A Long Winter's Nap

Ah, December . . . that delightful month on our New Hampshire vegetable farm. The garden-free vistas are glorious, the haying-free horizons are endless, the worry-free couch and the bed are sumptuous. Nine, ten, eleven, twelve hours of sleep? It feels so good.

By now, we have finished our CSA produce distribution for the year, and we are nearly done with our Farmers' Market sales for the year. We've got little projects to do outside, from feeding the draft horses three times a day to clearing out all the frosted tomato, pepper, and basil plants from the greenhouses, from rolling up irrigation to reorganizing the tool area. But none of these are desperately urgent. (Well, feeding the horses is pretty important. They do like a timely meal.)

And, of course, there is letting our kitty in and out the front door. This is an important job, as is cleaning up the dead mice from our kitty's work in the night. In fact, the other night, there was a dead mouse on the bedroom floor, along with a dead mouse in a trap in the kitchen, and a dead rat in the trap in the living room.

Happily, my nice fellow farmer generally does the cleaning up of dead animals duty, by tossing them outside for some clever larger animal to discover. We think it might be a fox on her rounds, but it could be any number of critters looking for a nice meal. At least it feels like we are contributing to the cycle of sustenance and sustainability on the farm.

Occasionally, I pitch in to the dead rodent clean-up. For example, not long ago, I was taking wet laundry out of the washing machine, and felt something squishier than a sock. But soft and soggy, like a wet sock. I pulled it out. I looked at it, uncomprehending, for rather a long time. Yes, it was a dead mouse, in the washing machine.

“Oh!” I said. “Oh, oh, oh! I am sorry, mouse, that you had to die by washing machine! I can not imagine how this happened!”

Of course, dying by washing machine is probably not that much worse than dying by trap or by cat. Best for the humans in the household is when the cat eats the entire mouse, rather than leaving it whole and dead on the bedroom rug. But even that is better than leaving it dead in pieces on the bedroom rug. Especially when it is in the middle of the night, and it is dark, and a person is stumbling to the bathroom, and has forgotten the cat-mouse episode earlier in the night. It is rather daunting to step on a dead mouse, in one's bare feet, in the night. But it is even more daunting to step on the sticky intestines of a dead mouse.

It turns out that there is an enormous number of small critters about this year, from mice and rats and voles to squirrels and chipmunks. Apparently this is due to the heavy acorn drop last year, which prompts lots of begetting in the small animal world, and then a lot of chewing on tomatoes, zucchini, and sweet peppers in the garden. Even the hot peppers were not immune to nibbling. The chipmunks had several nice dens right in our greenhouses, and the voles simply sucked our greenhouse eggplant under the earth. The plants and fruit just disappeared.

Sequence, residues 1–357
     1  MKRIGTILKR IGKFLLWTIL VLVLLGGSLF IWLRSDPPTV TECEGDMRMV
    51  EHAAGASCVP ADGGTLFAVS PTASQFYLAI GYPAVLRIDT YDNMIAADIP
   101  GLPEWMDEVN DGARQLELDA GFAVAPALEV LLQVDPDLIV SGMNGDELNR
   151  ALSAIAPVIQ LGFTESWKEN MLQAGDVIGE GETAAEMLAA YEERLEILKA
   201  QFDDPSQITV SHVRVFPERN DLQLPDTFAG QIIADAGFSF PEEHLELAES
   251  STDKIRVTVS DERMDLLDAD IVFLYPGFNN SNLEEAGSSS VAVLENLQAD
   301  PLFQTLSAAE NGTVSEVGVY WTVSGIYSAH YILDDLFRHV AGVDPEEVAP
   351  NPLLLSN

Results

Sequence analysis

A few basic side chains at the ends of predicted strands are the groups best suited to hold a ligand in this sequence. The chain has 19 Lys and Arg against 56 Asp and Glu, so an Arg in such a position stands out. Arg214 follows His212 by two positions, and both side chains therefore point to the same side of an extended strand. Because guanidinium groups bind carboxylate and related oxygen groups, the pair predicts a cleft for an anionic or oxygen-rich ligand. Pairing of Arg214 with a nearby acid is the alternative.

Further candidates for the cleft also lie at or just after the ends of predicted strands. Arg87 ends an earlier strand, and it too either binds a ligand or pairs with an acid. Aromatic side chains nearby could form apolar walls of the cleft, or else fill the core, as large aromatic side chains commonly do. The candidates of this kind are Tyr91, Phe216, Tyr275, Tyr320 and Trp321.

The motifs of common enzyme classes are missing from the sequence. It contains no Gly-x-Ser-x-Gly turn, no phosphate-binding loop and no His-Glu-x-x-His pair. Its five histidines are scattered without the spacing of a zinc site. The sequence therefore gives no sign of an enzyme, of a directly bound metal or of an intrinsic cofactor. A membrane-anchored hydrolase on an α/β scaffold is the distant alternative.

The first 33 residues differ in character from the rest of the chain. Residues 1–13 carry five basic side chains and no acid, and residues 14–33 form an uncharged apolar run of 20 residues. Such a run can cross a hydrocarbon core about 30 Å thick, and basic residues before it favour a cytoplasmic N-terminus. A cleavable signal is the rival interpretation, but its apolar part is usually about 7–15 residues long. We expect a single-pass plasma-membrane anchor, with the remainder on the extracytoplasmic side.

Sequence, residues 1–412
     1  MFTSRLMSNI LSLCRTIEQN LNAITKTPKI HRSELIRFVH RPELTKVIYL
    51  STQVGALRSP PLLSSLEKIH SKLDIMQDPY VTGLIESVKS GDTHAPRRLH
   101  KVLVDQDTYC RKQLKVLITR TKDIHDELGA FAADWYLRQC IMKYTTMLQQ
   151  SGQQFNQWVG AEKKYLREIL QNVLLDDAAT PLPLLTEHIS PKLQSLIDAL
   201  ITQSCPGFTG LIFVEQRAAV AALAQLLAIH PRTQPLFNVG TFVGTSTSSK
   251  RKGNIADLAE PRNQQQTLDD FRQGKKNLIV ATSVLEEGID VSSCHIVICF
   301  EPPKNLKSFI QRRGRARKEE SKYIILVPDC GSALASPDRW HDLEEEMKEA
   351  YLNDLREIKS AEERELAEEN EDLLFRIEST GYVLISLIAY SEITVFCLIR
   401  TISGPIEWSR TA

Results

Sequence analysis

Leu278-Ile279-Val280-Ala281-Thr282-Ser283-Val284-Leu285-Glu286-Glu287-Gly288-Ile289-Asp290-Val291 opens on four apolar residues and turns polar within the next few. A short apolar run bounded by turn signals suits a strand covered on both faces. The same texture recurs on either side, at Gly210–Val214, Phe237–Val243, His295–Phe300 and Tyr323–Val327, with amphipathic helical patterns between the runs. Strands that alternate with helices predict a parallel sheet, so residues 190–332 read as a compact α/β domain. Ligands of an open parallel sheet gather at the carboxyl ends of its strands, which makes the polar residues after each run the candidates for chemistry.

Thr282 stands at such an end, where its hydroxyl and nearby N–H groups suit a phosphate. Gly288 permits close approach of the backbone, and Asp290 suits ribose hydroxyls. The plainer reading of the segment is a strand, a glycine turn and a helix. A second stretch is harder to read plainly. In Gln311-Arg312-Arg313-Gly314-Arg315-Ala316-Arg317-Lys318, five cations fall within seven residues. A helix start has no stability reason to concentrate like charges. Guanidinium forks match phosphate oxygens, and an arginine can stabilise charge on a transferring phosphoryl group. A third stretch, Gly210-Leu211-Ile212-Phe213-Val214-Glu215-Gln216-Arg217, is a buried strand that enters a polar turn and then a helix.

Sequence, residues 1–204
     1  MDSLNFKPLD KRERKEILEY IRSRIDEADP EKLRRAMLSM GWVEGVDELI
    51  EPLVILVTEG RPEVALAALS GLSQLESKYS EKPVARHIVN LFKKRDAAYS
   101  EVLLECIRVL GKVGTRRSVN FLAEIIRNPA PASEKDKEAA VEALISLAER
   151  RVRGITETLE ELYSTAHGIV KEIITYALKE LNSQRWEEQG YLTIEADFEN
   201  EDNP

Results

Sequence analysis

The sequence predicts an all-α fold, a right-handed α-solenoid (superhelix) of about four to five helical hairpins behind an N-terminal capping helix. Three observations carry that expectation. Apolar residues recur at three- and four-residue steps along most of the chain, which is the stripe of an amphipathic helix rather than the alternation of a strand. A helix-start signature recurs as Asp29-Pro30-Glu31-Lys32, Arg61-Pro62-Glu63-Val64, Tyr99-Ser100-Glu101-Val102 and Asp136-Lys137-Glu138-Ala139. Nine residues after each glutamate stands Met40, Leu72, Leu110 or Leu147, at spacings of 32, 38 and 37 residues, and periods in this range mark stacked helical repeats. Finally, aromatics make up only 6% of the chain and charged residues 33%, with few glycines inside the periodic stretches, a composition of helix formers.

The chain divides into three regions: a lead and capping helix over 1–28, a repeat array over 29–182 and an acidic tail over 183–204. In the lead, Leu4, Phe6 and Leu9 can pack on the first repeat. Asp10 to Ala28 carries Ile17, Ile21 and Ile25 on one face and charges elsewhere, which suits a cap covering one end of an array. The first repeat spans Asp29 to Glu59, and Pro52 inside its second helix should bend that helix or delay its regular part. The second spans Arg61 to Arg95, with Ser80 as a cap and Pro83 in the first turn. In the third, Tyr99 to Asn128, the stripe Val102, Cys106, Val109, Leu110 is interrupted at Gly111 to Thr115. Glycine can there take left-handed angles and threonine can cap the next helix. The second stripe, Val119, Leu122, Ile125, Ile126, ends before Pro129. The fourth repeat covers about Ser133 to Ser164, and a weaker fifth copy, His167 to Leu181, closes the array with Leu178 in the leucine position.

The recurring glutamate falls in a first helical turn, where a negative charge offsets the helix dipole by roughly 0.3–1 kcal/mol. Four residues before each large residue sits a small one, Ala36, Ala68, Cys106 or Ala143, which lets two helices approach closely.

Our kitty caught a fair number of voles and chipmunks and mice outside too, but it has all been more than a one-cat rodent control program can manage. Cats and traps and washing machines have not been enough in the house this season, either. We already have a rodent-proof storage area in our basement for potatoes, carrots, and other root crops. (Sometimes we tell our visitors that if they misbehave we'll put them in the cage in the basement. So far no one has done anything bad enough.) 

But this year, for our winter squash, which doesn't like the damp conditions of the basement for storage, we had to build another cage, out of two by fours and hardware cloth. This fine cage stands in our living room, full of wooden crates of winter squash, and a few last tomatoes on trays. As you can imagine, this is not the most beauteous element of our living room. But at least it appears to be working, especially since farmers all over the region are reporting heavy damage to winter squash, both before harvest and after harvest, in storage.

Now, you might be wondering how this all leads to the wonderful times of December on the farm. Well. Outside, and in the house, there are many creatures stirring, including the cat and the rats and the mice. But still, we rest easy, with our squash and our root crops gathered in, and nestled all snug in their cages. Why, now we have visions of feasts, rather than rages! And my fellow farmer in his kerchief, and I in my cap, can settle our brains for a long winter's nap.

 Originally published in the Monadnock Shopper News, Dec 19 - Dec 25, 2018